Reviews for Blood Sisters : The Women Behind the Wars of the Roses

Book News Reviews
The War of the Roses, which re-directed British history in the 15th century, was known as the "Cousins War" in its day. UK biographer/journalist Gristwood (Elizabeth and Leicester) relates the largely unexamined roles of the key royal women in the Shakespeare drama-worthy events that led to the rise of the Tudor dynasty: Marguerite of Anjou, Cecily Neville, Ann Neville, Elizabeth Woodville, Margaret of Burgundy, Elizabeth of York, and Margaret Beaufort. Includes a glossary of names, period map of England, family tree, art illustrations, and notes on sources. Annotation ©2013 Book News, Inc., Portland, OR (

Booklist Reviews 2013 February #2
Everyone knows about the Wars of the Roses; but what about the women behind that fight over the English throne? This question is asked and answered by Gristwood in this multiple biography of the Plantagenet women--wives, daughters, and mistresses--who played often pivotal behind-the-scenes roles in the "cousins' war." As the York and the Lancaster men prepare to square off, the lives, loves, loyalties, and fortunes of the major female family members are chronicled in juicy detail. Seven women (Marguerite of Anjou, Elizabeth of York, Margaret of Burgundy, Cecily Neville, Elizabeth Woodville, Margaret Beaufort, and Anne Neville) make the final cut, as a delicately spun dynastic web is irreparably shredded by suspicion, greed, and ambition. Recommend this digestible collective biography to Philippa Gregory fans who want to delve deeper into the tangled Plantagenet-Tudor world. Copyright 2012 Booklist Reviews.

Kirkus Reviews 2013 January #1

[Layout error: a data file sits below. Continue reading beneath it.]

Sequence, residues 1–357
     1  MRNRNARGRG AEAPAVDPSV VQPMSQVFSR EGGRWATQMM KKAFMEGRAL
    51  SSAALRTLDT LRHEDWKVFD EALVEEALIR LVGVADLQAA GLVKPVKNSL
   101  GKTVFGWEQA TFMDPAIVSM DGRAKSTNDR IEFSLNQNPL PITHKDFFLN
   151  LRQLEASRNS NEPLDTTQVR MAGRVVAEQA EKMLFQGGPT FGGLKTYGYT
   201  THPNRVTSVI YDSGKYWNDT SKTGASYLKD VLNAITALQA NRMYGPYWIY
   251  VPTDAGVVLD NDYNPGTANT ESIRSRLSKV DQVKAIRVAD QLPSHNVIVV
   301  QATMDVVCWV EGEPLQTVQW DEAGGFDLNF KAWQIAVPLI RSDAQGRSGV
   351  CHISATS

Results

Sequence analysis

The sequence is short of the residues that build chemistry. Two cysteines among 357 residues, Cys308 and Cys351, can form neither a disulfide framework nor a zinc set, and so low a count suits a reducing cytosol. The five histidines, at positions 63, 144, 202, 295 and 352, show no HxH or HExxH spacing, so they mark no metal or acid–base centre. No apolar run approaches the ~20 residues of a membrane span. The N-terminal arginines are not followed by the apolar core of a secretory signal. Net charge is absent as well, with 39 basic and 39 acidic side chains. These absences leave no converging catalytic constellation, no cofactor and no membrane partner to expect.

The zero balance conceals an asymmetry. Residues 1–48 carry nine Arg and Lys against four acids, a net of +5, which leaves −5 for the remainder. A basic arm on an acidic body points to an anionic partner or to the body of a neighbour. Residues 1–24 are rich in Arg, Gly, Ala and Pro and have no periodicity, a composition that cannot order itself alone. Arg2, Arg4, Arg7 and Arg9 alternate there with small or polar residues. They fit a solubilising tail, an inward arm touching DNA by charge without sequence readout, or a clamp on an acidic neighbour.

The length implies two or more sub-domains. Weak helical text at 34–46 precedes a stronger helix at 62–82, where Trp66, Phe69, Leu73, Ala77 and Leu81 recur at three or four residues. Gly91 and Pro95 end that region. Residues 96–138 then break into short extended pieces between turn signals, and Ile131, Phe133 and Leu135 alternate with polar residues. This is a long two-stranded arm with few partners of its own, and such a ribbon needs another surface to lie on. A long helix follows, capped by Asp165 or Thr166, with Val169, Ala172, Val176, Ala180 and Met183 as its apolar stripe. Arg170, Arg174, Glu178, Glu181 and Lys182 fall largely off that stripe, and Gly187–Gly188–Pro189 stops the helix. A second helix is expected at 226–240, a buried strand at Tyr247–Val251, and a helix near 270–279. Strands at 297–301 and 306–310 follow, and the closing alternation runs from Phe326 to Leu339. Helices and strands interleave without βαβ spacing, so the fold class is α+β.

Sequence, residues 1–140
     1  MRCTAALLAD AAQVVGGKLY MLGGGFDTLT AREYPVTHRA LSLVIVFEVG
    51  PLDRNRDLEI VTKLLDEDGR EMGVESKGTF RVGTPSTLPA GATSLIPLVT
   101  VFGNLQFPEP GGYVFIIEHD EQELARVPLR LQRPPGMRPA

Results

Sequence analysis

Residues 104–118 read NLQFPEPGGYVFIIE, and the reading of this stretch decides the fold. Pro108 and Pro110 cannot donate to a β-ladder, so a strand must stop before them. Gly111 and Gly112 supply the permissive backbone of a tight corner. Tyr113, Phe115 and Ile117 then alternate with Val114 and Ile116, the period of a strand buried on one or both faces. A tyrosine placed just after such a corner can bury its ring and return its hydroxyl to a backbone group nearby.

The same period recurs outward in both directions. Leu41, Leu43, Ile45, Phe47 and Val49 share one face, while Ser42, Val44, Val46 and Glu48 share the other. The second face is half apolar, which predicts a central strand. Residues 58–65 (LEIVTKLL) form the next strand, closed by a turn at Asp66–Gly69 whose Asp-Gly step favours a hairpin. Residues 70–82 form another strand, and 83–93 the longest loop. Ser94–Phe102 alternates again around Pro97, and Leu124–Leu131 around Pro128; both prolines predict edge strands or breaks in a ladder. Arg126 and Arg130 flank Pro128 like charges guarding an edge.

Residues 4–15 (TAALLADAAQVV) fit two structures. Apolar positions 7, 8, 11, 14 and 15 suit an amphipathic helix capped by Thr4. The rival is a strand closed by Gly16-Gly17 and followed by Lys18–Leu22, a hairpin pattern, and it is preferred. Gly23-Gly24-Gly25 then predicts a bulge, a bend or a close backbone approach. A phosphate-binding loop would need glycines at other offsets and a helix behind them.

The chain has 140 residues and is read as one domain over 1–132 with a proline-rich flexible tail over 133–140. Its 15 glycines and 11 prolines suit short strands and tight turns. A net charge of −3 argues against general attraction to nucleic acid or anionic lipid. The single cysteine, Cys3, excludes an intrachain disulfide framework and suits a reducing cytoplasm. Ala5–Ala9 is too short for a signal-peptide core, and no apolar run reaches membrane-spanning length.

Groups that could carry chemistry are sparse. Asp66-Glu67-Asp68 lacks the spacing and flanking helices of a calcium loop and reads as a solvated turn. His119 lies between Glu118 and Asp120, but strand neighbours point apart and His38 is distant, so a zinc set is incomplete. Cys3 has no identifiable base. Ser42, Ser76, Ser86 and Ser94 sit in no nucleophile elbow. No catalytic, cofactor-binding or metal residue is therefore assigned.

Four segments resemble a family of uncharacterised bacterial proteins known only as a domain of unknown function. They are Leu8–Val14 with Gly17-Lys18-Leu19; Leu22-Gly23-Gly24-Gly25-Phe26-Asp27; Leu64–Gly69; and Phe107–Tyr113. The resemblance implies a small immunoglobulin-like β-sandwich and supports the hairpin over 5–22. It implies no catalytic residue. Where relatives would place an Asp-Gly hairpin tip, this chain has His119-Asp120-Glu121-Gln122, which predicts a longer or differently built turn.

A labyrinthine journey through the York-Lancaster feud of 15th-century England from the point of view of its queens. Biographer Gristwood (The Girl in the Mirror, 2012, etc.) pursues no fewer than seven remarkable women of note between the wedding of Marguerite of Anjou to Henry VI in 1445 and the death of Elizabeth of York, queen to the re-established Henry Tudor, in 1503. The War of the Roses was more accurately known as the Cousins' War since, of course, everybody was related, descended from Edward III in some fashion, and convinced they had an equal shot at the crown. Gristwood allows several great matriarchs to take center stage between the vying for power by Lancastrians and Yorkists: Marguerite of Anjou, the strong, French-born queen who had to endure a humiliating return to France after her spineless husband was muscled out of the throne after the Yorkist victory at Towton; Cecily Neville, who would lose her husband but see her brilliant son prevail as Edward IV; and Margaret Beaufort, who jealously, devotedly schemed to dethrone Richard III in favor of her son, Henry Tudor. Moreover, there is the tremendously moving love story between Edward IV and commoner Elizabeth Woodville, the mother of the two subsequent young doomed princes in the tower. As Gristwood amply proves in this shrewd, rewarding study, alliances and ambitions involved women as much as men. The author also includes a glossary of select names and a "simplified family tree," both of which will be particularly helpful for American readers. A British historian nimbly makes sense and relevance out of the confoundingly entangled dynasties of the Yorks and Tudors. Copyright Kirkus 2012 Kirkus/BPI Communications.All rights reserved.